“Discovery” is a legal mechanism designed for gathering information about either party to the divorce. During discovery you have five methods that are used to gain information from the other party before going to divorce court.
If you use discovery correctly, you can find out what arguments the other party intends to use at trial and prepare a better defense. The discovery process can be time consuming, expensive and, at times frustrating. It may be the only means you have of obtaining information you will need that is admissible in court. That makes the process worth the effort.
There are five steps to the discovery process. Although states and their laws may vary during the discovery process, the five steps below are common and will probably become a part of your divorce. Each method will be discussed in detail throughout this article.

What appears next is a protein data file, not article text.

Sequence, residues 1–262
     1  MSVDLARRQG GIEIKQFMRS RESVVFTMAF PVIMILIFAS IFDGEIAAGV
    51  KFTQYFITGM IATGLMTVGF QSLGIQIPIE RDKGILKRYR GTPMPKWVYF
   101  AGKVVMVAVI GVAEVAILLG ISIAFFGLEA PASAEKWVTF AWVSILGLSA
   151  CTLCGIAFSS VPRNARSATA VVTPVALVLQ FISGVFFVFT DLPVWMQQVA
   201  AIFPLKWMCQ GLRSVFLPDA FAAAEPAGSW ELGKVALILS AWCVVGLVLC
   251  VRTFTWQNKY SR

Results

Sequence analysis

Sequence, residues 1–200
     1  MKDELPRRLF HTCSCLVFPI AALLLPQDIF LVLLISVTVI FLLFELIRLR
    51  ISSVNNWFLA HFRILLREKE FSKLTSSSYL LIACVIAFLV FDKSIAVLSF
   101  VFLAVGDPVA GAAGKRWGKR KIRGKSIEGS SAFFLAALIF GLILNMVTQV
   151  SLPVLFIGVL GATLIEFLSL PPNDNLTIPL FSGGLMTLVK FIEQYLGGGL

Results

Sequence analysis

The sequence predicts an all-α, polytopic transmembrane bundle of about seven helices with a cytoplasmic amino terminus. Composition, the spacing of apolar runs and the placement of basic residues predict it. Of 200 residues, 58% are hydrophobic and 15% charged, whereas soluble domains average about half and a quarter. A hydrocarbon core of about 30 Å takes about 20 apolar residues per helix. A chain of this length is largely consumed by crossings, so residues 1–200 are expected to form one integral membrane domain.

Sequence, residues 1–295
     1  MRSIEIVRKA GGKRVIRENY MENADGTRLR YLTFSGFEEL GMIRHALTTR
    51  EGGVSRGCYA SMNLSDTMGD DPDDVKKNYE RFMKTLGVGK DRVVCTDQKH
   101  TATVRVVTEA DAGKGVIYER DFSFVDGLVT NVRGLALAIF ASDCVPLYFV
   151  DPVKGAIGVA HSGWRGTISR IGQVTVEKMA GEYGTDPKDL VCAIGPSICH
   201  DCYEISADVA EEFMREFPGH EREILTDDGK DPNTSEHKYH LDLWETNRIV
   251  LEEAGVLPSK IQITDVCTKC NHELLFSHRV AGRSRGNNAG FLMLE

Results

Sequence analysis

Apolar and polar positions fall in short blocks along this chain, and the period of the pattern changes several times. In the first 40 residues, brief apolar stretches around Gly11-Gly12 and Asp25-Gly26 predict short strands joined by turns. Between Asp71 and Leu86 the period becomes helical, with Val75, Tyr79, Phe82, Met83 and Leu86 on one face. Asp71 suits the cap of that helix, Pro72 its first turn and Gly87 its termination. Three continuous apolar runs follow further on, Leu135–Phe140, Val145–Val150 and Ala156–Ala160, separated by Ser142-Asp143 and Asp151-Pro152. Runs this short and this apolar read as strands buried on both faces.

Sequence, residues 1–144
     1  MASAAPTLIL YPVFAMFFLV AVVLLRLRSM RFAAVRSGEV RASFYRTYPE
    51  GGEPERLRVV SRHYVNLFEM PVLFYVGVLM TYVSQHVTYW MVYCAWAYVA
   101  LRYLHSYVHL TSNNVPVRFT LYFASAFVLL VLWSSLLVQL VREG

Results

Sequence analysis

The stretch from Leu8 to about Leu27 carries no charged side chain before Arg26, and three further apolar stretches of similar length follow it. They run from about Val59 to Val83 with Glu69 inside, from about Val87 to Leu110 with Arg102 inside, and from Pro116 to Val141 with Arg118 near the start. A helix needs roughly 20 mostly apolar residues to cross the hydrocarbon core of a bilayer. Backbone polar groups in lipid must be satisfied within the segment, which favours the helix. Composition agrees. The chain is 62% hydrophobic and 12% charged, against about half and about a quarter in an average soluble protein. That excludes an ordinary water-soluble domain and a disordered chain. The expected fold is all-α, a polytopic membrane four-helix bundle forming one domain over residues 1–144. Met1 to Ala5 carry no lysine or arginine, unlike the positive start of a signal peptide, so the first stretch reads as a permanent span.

- Disclosure: Both parties request certain items from the other party. The list of items is sent to the other side and they must respond within 30 days.
- Interrogatories: This is a list of questions that you send to the opposing side. Most states set limits on how many questions and the response time is thirty days.
- Admissions of Fact: This written list of facts is directed at the other party. The party receiving the list of facts is asked to either admit to or deny each fact.
- Request for Production: Used to obtain documents such as bank statements, statements of income or any documents you feel will benefit your case.
- Depositions: During a deposition you will take sworn testimony from the opposing party and any witnesses involved. Anything said during a deposition can be used in court should an agreement not be met and you go to divorce court.